A Review of the Phish Webcast of Halloween: A lot of New Stuff for Everyone

I had been reluctant to stream a Phish show over the past couple of tours.  Mostly because of time, but I was also a little worried about how the quality of the broadcast would be.  Perusing some of the message boards and twitter, there always seemed to be complaints about the stream getting interrupted, the audio and the video not syncing up correctly, or sometimes not linking up at all.*

*Suggestion: a cheaper, audio only option would be great.  I found myself quite often looking away from the screen, checking Twitter, looking in on the basketball game I had on mute and just for a break.  


My fears were completely unjustified.  Simply put, I loved being on my couch watching a show.  I was quite comfy*, could go to the bathroom if need be, but I was surprised how much I got into the show.  I kept thinking back to when I was younger and how much I loved sitting in a rocking chair and listening to music.  I haven’t missed my recliner so much in years as I did on Halloween.  Indeed, I found myself bobbing along to the music during a couple of songs.  I think there was one hiccup in the feed and it wasn’t even remotely memorable.  I can’t do much about the time commitment still needed for a show, family and dad commitments come first, but I won’t hesitate from tuning in again.  Oh, and the price for the show and the MP3 afterwards was only $30, a bargain if you ask me.

*Perhaps too comfy.  I fell asleep during Harry Hood in the third set.  I barely woke up for the encore.  Which leads to another suggestion:  I read about the archived version of the show that I supposedly had access to, but I can’t for the life of me figure out how or where I could find it. Oh well, I only missed a couple of songs.

I also really need to work on my Twitter lists.  It would have been much better to have my stream dedicated to my Phishy follows so I could interact closer to real time.  Scrolling through all the other tweets that had nothing to do with Phish was a minor inconvenience to be sure, but I could have made my experience that much better.*  That isn’t to say that the Phish crew don’t make the streaming audience feel special.  We got a PDF of the Playbill, some great in between set music (Miles Davis tribute to Jack Johnson from 1971 OMG!) and the fun little send up of Abe Vigoda and the Godfather (Trey slouches subserviently like no other man.)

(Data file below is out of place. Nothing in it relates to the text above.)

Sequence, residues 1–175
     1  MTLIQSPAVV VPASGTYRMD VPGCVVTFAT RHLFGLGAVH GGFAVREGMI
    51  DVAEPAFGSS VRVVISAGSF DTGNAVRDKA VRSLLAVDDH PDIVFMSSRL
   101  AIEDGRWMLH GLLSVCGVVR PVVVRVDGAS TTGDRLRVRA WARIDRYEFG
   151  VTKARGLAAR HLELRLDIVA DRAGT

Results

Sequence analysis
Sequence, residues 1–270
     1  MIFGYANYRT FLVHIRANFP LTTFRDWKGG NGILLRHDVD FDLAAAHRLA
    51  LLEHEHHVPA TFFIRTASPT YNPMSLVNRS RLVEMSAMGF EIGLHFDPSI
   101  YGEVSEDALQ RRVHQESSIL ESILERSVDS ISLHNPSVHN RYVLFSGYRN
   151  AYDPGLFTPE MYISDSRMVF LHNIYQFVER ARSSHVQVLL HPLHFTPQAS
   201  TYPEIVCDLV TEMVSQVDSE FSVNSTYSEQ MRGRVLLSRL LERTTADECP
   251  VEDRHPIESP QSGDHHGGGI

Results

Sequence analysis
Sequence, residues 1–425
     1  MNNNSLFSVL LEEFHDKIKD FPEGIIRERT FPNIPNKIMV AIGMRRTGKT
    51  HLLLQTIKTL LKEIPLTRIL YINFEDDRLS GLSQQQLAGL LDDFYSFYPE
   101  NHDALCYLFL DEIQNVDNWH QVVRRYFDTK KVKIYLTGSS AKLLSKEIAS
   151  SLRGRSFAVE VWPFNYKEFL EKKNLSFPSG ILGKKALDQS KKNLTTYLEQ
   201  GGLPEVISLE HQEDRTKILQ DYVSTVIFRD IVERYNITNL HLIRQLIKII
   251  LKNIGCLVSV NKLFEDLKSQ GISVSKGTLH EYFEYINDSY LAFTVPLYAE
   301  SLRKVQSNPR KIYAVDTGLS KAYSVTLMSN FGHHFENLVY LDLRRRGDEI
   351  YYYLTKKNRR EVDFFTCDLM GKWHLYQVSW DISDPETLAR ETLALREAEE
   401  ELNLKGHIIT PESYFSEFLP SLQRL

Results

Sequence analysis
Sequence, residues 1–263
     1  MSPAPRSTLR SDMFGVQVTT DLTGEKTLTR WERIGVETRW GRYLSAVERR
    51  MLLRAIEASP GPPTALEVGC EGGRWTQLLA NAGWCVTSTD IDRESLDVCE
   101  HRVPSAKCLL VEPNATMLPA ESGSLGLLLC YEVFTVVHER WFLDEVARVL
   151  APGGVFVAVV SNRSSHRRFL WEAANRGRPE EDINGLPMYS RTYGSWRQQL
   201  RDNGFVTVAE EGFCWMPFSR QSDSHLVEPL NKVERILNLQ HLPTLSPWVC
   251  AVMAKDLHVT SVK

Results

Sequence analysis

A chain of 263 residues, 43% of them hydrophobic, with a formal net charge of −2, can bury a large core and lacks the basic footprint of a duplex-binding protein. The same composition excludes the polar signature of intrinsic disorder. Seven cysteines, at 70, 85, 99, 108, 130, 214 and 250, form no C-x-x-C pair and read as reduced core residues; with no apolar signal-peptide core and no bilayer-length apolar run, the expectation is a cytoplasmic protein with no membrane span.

*Suggestion: the chat function on the stream was not so good.  The last comment I could see was from 30 minutes before the show.  It would have been nice to have a constant dialogue going on within the stream window.  I gave up and relied exclusively on Twitter.  Speaking of, follow @ScottBerstein during a show, such a good time.  Also, I know everyone is dancing etc., but maybe a few more tweets from the show itself? Oh and Phish from the Road is nice, but feel free to add a little commentary too, especially access to things we don’t get to see, kind of like a sideline reporter.

After seeing the Playbill my first tweet before the show was that I was trying not to feel disappointed; Phish in Wingsuit…What?  Was it an album I never heard of? Some strange artist that I was about to be exposed to for the first time? Nope on all counts.  It was something that I kind of held in the back of my mind for a long time.  The idea that not only would Phish come during a show and play a new set list, but all new, never heard before songs.  I just didn’t think it would be on Halloween.

If you’re not much of a Phish fan, well you’ve probably stopped reading at this point, but if you’re still here, Halloween holds a very special place for Phish fans.  Intermittently since 1994, the band has donned a musical costume and played another iconic album in its entirety.  Past performances include The White Album, Quadrophenia, Exile on Main Street, Loaded, Remain in Light, and Waiting for Columbus.  We’re talking some seriously big recordings.  I’ve pined for a Zappa or Genesis Halloween, but I was never disappointed.  When I read the Playbill and saw that the band was going to play a new, not even recorded set of music, yeah I was let down.  I was lucky enough to be at Halloween 1995 when they played Quadrophinia.  It was one of my favorite albums growing up so to hear I Am the Sea start out the second set was one of the greatest moments of my concert going life.  I just didn’t expect such a great rush from a bunch of songs I never heard.